Timber’s Term of the Week: Section 37

    Section 37


  1. Where all good bushelers go when they go beyond the vale.  A logger’s paradise where every tree is straight, tall, without flaws, and eight feet in diameter. And no underbrush, scalers, or inkslingers can be found: John’s gone to Section 37 and won’t be coming back.
  2. A mythical place.
  3. Something not supposed to exist: Let’s just say I found this in Section 37 and leave it at that, okay?

Why Section 37?
Pretty much all the arable land not within the original thirteen colonies is supposed to have been placed into a grid known as the Public Land Survey System. Its basic units of area are the township. Each township is supposed to have thirty-six sections.


If people were perfect and honest the sections could have looked like this.

Within a 6-mile by 6-mile township, the upper right section is Section 1 the section west of number is Section 2 (see image). The numbering moves left to all the way Section 6, the section south of Section 6 is section 7 and the number and progresses in a serpentine manner all the way to Section 36. There should be no Section 37.

There shouldn’t be any Sections numbered 37. However, anything people devise can be screwed up. Below is a map showing the sections of the Milk Ranch on Case Mountain in Tulare County, California. Not many perfect squares in the bunch.

Sections 37 do exist.

Sections 37 do exist. Click on the map to expand it and look northeast of Hammond.

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Tree Seedlings Available for Planting on California’s Post-Fire Forest Restoration

California experienced a severe fire season last year. Many thousands of forested acres have burned both on private and public lands.

CAL FIRE assistance programs can help California forest landowners whose forests were affected by fires. One of these programs is the Tree Seedling Nursery Program. This program sells tree seedlings for reforesting forest ownerships. Tree seedlings are available to the public for reforestation, erosion control, watershed protection, windbreaks, Christmas tree and fuelwood plantations, and approved research projects. All seedlings grown are from seed well adapted to the various climate zones, growing conditions and elevations found within the state.

At present, CAL FIRE Magalia Reforestation Center still has good inventories of appropriate seedlings available. Yet, demand may overwhelm the supplies. Therefore, landowners need to first check with the Magalia Reforestation Center’s staff to determine what is available and before submitting their orders.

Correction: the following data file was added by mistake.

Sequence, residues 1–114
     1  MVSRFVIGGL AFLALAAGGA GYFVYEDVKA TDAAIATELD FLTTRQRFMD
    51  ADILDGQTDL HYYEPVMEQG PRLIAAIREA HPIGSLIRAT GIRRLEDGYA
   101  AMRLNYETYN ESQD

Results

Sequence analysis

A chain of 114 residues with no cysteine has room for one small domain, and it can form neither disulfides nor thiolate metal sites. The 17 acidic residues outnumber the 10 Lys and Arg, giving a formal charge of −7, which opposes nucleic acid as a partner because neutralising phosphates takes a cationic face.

The CAL FIRE Nursery Program also has a staff of foresters who can provide free reforestation advice to landowners. In addition to these foresters, CAL FIRE has forestry assistant specialists at most local Unit Offices who can also provide free reforestation advice or direct individuals to the type of professional consultant they may need to assist them. These specialists also can provide information on limited State or Federal cost-share funding that may be available.

Keep in mind, seedling prices vary by age (one or two year old), how they were grown (bareroot or in containers) and by the quantity purchased. Seedlings grown cover the majority of California’s timberland conifer species, with a few hardwoods and some non-natives grown for specific landowner objectives.

For more information, please contact the Magalia Reforestation Center at 6640 Steiffer Road, Magalia, 95954, Phone: (530) 872-6301 (email: cdfnursery@fire.ca.gov).

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Timber’s Term of the Week: Skid Road

How did skid road morph into skid row?

Webster’s Online Dictionary defines a “skid road” as:

A road made of logs on which freshly cut timber can be hauled.

Merriam-Webster’s Online Dictionary defines a “skid road” as:

A road along which logs are skidded.

The California Board of Forestry defines skid roads (or tractor roads) as “constructed trails or established paths used by tractors or other vehicles for skidding logs.” (Source: Title 14, California Code of Regulations Chapters 4, 4.5 and 10)

To move logs from where the trees are cut, loggers attach cables to the logs then drag or “skid” the logs down to a landing where the loader arranges the logs by size into decks. Nowadays loggers use powerful skidding machines. The older or more traditional form of the term is the version given by the Webster’s Online Dictionary. When animals such as oxen, horses, or mules pulled the logs, the roads were constructed differently. The loggers placed peeled logs at right angles across the road. Loggers could grease the skids to make the hauling of the logs easier.

These corduroy roads led to the mill, often at the edge of town. Hence, the skid road led to skid row where establishments could help the “boomer” make his “pung” less bulky: a place with cheap boarding houses and saloons for male entertainment.

For more on “Skid Road” and “Skid Row,” see the Past Tense blog or Bill Casselman’s Word of the Day for how logging shaped the history of Vancouver, BC.  The late John Ciardi also talked about skid roads and skid row on NPR: On Words with John Ciardi; the episode is on “Siwash: Origin and Use of Tribe Name.

Leave me a note if you can add more or want to know what boomer or pung means.

Here’s a skidder demonstration. Note the grapple used to lift the log ends into the air.

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